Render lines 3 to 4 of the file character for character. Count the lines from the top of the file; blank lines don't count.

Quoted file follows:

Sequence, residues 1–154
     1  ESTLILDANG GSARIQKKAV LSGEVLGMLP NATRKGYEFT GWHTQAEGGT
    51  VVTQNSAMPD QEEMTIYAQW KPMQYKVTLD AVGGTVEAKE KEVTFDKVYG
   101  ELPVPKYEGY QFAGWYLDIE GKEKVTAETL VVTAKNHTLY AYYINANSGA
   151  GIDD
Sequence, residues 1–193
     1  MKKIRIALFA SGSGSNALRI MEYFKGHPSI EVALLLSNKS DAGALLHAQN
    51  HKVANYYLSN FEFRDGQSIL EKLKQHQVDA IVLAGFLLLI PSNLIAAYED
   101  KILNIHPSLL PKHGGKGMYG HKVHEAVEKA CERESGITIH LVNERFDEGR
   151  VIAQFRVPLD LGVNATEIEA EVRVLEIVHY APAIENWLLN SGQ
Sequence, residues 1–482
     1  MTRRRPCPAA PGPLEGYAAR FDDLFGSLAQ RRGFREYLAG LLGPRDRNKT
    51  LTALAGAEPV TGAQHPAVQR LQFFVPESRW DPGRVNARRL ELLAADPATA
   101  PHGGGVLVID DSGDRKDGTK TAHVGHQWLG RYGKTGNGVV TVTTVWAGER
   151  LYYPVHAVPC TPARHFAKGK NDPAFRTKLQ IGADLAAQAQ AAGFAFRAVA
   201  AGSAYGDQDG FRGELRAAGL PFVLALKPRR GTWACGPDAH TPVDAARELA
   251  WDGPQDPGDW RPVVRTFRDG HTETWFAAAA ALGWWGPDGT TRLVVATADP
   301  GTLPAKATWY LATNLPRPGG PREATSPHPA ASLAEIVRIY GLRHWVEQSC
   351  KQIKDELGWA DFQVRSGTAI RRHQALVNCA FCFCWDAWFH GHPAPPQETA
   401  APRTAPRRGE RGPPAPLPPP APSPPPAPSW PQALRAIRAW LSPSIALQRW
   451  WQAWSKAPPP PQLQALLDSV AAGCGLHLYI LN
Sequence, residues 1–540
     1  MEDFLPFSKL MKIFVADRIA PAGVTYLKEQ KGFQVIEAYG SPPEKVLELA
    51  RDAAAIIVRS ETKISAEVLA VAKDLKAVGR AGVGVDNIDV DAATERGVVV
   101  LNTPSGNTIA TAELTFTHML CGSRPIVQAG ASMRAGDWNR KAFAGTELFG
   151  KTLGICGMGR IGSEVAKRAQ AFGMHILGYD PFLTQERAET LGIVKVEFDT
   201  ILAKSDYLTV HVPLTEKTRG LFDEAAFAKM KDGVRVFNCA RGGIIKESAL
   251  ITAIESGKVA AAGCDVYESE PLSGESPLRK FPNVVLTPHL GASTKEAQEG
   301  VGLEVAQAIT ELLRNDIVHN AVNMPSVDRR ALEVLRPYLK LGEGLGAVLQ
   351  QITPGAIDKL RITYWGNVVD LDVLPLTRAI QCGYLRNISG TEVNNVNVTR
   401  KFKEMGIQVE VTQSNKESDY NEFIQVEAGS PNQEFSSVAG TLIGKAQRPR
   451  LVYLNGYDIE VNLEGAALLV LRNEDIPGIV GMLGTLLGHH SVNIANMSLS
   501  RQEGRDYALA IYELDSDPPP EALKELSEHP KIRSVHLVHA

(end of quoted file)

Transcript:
    51  VVTQNSAMPD QEEMTIYAQW KPMQYKVTLD AVGGTVEAKE KEVTFDKVYG
   101  ELPVPKYEGY QFAGWYLDIE GKEKVTAETL VVTAKNHTLY AYYINANSGA